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  • Jürgen Niit

How to find colors from your image - Hue Mapping

COLOR GRADING Colors have a huge influence on how we perceive photos, how we like them or dislike them. You can get a really good shot, but instantly ruin it with bad color grading. And there is also a big industry for LUT (color Look Up Table) or Preset industry. My color grading bothered me for a long time because it was basically a trial and error process. Sliding ALL the sliders until I got the desired result or close enough. And all the time I spent to do that. So, I don´t run "close enough" results and I looked ways how I can control and manipulate colors consciously.


First I gotta say there are many ways and different techniques to do that. This way works best for me and is the fastest option for my workflow. For this, I´m gonna use a portrait of one of my really good friend Isabelle. We went out one night, cameras with us to get good shots from the neighborhood.

one shot with four different color grade


BUT WHY?

Before we can start color grade we gotta know what colors we are dealing with, which ones are most dominating colors and which color schemes they match best.

source: https://www.lifehacker.com.au/2014/10/learn-the-basics-of-color-theory-to-know-what-looks-good/

Probably some of you may think that I can see colors on photos, why I should map them? Valid thought. It´s because our of our brain sees colors not our eyes and it can perceive some colors a little bit wrong way. If we have a really pattern rich photo -let's say trees and bushes next to a river, some parts of water may seem green (not blue). Some of it comes from light reflecting off the green leaves but the other part is our brain stitching together it together - it is called "neural gluing"*.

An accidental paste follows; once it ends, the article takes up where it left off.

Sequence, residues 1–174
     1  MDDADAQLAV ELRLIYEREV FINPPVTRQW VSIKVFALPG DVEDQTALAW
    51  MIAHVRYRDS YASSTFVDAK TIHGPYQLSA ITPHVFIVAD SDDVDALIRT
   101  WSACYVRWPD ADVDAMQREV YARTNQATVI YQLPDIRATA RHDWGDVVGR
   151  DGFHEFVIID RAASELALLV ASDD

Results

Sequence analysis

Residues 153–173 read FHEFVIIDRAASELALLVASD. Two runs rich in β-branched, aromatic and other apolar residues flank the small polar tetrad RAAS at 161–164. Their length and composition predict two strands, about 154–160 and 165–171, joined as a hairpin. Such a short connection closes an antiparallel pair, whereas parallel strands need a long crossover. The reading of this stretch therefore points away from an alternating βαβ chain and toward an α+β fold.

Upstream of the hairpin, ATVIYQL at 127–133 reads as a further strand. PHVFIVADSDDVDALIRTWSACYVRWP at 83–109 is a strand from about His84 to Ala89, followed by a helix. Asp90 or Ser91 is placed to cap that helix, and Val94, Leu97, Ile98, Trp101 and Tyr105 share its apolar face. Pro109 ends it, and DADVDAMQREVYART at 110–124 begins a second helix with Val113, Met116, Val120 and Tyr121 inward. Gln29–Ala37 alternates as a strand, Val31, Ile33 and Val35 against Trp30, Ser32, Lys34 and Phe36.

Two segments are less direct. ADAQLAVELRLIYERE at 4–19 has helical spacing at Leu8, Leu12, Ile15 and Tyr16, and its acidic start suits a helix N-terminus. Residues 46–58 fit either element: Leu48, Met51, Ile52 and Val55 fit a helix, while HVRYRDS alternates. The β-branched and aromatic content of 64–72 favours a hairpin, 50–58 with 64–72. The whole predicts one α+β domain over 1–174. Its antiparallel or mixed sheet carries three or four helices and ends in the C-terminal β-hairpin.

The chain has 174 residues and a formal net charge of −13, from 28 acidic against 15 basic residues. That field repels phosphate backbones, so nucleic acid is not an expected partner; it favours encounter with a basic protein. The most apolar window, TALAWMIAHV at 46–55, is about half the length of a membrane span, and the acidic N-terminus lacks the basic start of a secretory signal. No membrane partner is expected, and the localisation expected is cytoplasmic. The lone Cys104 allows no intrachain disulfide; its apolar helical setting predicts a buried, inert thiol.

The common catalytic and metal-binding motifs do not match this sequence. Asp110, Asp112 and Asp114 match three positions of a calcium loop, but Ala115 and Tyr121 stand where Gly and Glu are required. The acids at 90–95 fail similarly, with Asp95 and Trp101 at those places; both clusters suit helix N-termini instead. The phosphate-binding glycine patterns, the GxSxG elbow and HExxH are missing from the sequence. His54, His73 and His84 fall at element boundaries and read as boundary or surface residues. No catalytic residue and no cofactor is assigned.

Other things are different monitors we are using and how they show colors. With the color wheel, we can least get some kind of idea of what colors are displayed correctly.

With under or overexposed images we can find out what colors are hidden in the image.


HUE MAPPING

All of this here is done in Photoshop CC - it is my personal preference and I think it gives most freedom for photo editing and manipulation.


Alright, let´s start

  • I open up the photo in Camera RAW (RAW files open automatically in Camera RAW when you are using Photoshop)

  • I do Basic color corrections, White Balance and Lens correction

  • I open a file as a 'Smart Object' because I do 'non-destructive' editing. It means I can apply, change or undo any effect that I applied at any time to photo with few clicks. I don´t have to 'Undo' few hundred steps do get one effect removed or worst case scenario you have to start all over again. With 'Smart Object' I can just re-adjust settings that I have even done in Camera RAW.

To open photo as 'Smart Object' do these steps.

  • click the area marked within a bottom red circle and it opens up 'Workflow Options' and mark 'Open in Photoshop as Smart Object'

  • click 'OK' and after that click 'Open Object'

  • coming back to the non-destructive workflow I suggest making a right-click on the layer and click 'New Smart Object via Copy'

Why 'New Smart Object via Copy', why not just copy-paste layer?

  • by double-clicking on photo layer icon it takes us back in Camera RAW

  • if we do just Copy-Paste the changes in one layer (like Camera RAW) will affect both layers

  • we wanna keep the first layer untouched and keep as it reference point

  • now we create an empty layer

  • press key combination 'shift - F5' and choose a fill option from 'Contents' menu '50% Gray' and hit 'OK'

Your photo gonna be just grey but don't get alarmed.

  • now choose a blending mode 'Luminosity' from 'Layers' tab

  • create 'Hue/Saturation' layer

  • take 'Saturation' slider somewhere 50-70%

  • now the main and dominating colors pop-up

  • I usually 'Group' those two layers (Empty 50% Grey and Hue/Saturation layer) to keep my layers tab nice and neat.